iOS 13.4, released earlier this week, introduces iCloud folder sharing to anyone with an Apple ID.
Apple touted shared folders as a feature of its files app with the launch of iOS 13, however, though individual files could be shared for some time, shared folders have only now become available. The Dropbox-like competitor allows users to select a folder for sharing, edit the permissions of recipients, and then select recipients to be added. As with Dropbox, added users can read, edit, add to and delete files in a shared folder.
VoiceOver users may access the share option by triple-tapping a folder in the files app with 1 finger. The share option will be near the bottom of the screen. It is also worth noting however, that as of now, it appears that only user-created folders, rather than folders created by apps, can be shared at this time.
While this feature is technically accessible via the web on windows devices, the practical limitations mean that folders are most readily shared with users with access to an iOS or Mac with the files app installed.
In my testing, all of this is doable with voiceOver, though a few elements of the process are somewhat unentuitive. First, tripple tap the folder you wish to share. Then, select "share" at the bottom of the screen. As I said above, this feature only works with user-created folders. After selecting share, look for "add people" located near the bottom of that screen. A note of caution: do not select a person's name in the share sheet before clicking add people. Doing so only zips a copy of the folder and does not in fact share its contents. Instead, find "add people" on the share screen, then choose how you'd like to send the invitation. At the bottom of the "add people" screen, you'll also have options to edit the access level for invited people before sending. Available options are editable, meaning that others can edit the contents of files in these folders and the files themselves, while read-only means that added people can only view the contents of the shared folders and files.How to use iCloud Drive Folder Sharing in iOS 13.4 and macOS 10.15.4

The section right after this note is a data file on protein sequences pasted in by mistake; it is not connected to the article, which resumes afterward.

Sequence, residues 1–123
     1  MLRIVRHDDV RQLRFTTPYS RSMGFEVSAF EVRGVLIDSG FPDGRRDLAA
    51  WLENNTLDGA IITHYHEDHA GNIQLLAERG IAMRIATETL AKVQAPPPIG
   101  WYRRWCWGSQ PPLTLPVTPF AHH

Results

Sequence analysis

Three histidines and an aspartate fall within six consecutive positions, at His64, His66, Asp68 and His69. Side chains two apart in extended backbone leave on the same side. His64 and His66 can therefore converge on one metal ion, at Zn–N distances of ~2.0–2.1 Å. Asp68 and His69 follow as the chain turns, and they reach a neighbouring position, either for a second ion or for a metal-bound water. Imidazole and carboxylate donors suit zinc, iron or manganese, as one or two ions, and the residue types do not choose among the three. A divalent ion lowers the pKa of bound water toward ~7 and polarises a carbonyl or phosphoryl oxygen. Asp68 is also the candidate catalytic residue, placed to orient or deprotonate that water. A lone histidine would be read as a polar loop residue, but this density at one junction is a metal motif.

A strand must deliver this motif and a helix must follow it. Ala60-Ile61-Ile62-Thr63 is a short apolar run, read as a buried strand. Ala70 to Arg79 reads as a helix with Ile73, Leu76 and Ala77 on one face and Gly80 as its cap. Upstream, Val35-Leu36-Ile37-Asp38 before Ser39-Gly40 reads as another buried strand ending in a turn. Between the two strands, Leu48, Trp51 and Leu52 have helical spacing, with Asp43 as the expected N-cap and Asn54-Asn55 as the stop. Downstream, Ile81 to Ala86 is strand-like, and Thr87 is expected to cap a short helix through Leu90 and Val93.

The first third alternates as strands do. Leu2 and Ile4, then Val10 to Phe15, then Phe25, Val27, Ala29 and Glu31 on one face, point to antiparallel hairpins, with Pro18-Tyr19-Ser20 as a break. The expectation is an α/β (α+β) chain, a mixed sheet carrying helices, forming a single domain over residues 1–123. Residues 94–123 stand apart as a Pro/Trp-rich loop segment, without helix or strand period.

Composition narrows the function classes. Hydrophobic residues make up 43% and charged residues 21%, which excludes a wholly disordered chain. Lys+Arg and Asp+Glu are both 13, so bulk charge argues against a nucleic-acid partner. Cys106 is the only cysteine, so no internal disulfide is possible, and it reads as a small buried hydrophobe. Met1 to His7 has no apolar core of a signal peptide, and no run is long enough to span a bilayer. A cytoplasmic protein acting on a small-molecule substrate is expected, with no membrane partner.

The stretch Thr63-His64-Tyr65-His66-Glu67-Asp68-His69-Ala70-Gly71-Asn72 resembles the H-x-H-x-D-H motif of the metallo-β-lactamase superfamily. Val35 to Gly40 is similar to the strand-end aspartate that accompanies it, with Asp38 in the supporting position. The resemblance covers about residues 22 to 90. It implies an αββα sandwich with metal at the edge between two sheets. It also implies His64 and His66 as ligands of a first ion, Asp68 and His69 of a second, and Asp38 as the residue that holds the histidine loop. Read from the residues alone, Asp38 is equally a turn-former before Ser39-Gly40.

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Tangela Mahaffey is a barely reformed English Major currently residing in Colorado. She reads entirely too many fantasy books and takes almost nothing seriously, including herself. She loves technology, music, writing, puns, and cats. She can be reached on twitter @tmmahaff